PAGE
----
Cork City Council took the lead nationally in 2020 by putting up to 76 electric vehicles (EVs) on the road; thereby creating the biggest local authority EV fleet in the country.
Cork City Council will see substantial savings of up to €700,000 over five years following the rollout of the electric fleet which is replacing diesel vehicles. Electric vehicles help improve air quality, produce less than half the carbon emissions of petrol cars and will make the city’s communities healthier and better places to live in.
Cork City Council’s decision to go electric is a key plank of the City’s Climate Action Plan, which followed widespread public engagement last year. It is also central to the Government’s National Climate Action Plan. Cork City Council consulted with the Sustainable Energy Authority of Ireland (SEAI) in developing this project.
The Renault Kangoo, Nissan Leaf, & Hyundai Kona are driven by the Council’s Operations staff (who deliver road maintenance, housing maintenance, parks management and waste management services) and two of the cars are used as ‘pooled vehicles’ for use by City Hall-based officials who need to use a car during the working day. New fast charging points have been installed at City Hall and at Cork City Council depots for the electric fleet, with the support of Bord Gais Energy. Another 30 plus charging points are available to the public around the city through various providers.
Lord Mayor of Cork, Cllr John Sheehan said: “Cork City is projected to double in size over the next 20 years becoming the fastest growing city in the country. Cork will only be able to absorb this population increase yet retain our quality of life if more of us move over to sustainable modes of transport such as walking and cycling, opt for public transport or if we can, consider electric vehicle options if we are changing our car”.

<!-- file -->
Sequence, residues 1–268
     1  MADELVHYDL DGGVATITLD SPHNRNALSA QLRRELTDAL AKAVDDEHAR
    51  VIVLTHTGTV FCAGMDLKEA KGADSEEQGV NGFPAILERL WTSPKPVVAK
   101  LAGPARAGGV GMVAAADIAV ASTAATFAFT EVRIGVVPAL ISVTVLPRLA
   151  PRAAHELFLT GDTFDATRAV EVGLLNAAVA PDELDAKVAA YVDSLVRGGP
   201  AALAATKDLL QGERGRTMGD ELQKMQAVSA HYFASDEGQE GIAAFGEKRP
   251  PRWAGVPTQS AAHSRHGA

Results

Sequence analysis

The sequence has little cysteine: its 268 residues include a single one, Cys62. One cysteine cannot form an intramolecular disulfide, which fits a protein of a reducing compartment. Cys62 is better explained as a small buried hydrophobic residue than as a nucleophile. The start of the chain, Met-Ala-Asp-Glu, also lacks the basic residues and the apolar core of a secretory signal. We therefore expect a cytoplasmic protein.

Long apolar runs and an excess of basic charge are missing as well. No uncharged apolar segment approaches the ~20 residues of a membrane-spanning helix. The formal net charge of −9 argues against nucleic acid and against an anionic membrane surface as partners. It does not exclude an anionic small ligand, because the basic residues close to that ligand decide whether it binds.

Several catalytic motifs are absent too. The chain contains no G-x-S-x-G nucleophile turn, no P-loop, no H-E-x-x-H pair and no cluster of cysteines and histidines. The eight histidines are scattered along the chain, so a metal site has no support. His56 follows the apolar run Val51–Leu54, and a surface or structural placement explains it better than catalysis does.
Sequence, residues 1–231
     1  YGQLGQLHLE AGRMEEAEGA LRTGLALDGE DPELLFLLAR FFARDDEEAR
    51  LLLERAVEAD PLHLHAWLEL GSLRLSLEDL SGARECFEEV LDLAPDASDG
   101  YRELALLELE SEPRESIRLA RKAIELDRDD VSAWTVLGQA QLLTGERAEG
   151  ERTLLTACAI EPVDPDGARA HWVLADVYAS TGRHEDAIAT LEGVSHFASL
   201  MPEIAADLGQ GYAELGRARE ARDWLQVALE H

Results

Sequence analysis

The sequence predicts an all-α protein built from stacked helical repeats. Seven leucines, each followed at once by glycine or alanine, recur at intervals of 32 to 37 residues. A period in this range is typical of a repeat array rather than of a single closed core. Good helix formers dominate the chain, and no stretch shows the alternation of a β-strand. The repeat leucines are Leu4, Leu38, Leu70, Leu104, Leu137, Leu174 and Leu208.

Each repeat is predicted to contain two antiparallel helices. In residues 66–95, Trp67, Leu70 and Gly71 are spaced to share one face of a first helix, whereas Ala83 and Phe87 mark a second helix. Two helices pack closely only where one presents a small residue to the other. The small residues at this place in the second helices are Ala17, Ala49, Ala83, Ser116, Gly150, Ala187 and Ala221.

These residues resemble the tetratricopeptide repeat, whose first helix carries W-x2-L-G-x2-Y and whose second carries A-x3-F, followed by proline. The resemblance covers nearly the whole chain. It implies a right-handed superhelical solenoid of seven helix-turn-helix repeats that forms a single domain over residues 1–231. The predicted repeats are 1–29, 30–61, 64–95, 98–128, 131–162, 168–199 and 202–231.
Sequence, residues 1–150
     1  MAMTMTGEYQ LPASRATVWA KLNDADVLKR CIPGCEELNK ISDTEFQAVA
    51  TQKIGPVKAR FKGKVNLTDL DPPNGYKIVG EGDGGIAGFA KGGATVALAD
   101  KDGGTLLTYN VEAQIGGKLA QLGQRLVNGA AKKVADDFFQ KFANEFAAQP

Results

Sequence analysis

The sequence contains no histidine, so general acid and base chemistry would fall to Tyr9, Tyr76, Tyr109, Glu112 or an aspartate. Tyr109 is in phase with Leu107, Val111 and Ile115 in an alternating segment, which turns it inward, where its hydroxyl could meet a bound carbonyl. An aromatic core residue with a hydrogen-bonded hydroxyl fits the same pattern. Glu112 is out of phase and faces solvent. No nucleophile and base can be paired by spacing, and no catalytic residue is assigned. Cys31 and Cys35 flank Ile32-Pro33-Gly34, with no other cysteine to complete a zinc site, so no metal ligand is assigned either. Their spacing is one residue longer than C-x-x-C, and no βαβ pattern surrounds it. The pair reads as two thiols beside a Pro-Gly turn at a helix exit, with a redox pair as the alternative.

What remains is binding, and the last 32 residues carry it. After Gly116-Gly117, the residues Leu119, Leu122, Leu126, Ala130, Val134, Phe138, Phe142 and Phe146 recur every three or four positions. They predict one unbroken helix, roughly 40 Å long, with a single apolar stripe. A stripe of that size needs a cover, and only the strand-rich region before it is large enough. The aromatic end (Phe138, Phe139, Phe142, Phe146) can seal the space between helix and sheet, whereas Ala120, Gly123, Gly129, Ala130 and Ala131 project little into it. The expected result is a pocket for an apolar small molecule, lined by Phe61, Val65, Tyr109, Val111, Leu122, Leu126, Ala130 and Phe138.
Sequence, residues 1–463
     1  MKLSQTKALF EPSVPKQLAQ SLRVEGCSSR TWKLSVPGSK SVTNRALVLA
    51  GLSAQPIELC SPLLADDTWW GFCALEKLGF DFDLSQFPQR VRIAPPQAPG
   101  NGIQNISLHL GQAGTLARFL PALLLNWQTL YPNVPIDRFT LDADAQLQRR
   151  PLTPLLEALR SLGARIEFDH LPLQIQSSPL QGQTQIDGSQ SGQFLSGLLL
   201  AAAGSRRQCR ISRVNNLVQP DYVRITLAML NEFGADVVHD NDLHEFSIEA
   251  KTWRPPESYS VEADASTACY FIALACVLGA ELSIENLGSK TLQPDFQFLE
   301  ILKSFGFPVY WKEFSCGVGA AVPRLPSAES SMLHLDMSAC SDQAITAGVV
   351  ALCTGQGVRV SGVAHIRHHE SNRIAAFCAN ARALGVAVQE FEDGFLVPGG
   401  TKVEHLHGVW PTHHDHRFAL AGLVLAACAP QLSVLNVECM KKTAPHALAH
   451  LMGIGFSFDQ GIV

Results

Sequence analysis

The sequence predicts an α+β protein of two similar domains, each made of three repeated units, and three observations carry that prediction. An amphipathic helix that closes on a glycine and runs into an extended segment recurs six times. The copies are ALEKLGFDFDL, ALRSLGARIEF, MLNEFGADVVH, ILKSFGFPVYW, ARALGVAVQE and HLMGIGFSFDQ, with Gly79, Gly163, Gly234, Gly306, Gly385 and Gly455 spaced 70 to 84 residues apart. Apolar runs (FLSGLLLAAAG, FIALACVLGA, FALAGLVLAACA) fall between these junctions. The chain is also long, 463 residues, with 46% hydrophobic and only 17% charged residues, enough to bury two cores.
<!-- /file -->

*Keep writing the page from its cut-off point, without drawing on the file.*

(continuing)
Cork City Council Chief Executive Ann Doherty said: “An overarching goal of our new corporate plan for 2020-2025 is to drive Cork’s future growth sustainably by leading on climate action. Road transport is a major cause of air pollution and climate change and yet nearly three quarters of Cork people commute using cars. As part of the €3.5 billion Cork Metropolitan Area Transport Strategy (CMATS), we want to work with our partners to support a modal shift to more sustainable means of transport and to help people think of alternatives before they automatically reach for the car keys when going to work, taking children to school, popping out to the shop or socializing by day or night”.
Project lead, Senior Engineer, Fergus Gleeson said: “This is Cork City Council leading the charge for other local, private and public-sector organizations to follow, by giving its own employees the opportunity to drive electric vehicles and by demonstrating the benefits of electric cars and particularly the cost efficiencies which really are substantial for the local authority sector. We have done this because it is the most cost effective solution for our fleet, is technically viable, supports national policy and in a city impacted by climate change is the right and proper thing to do”.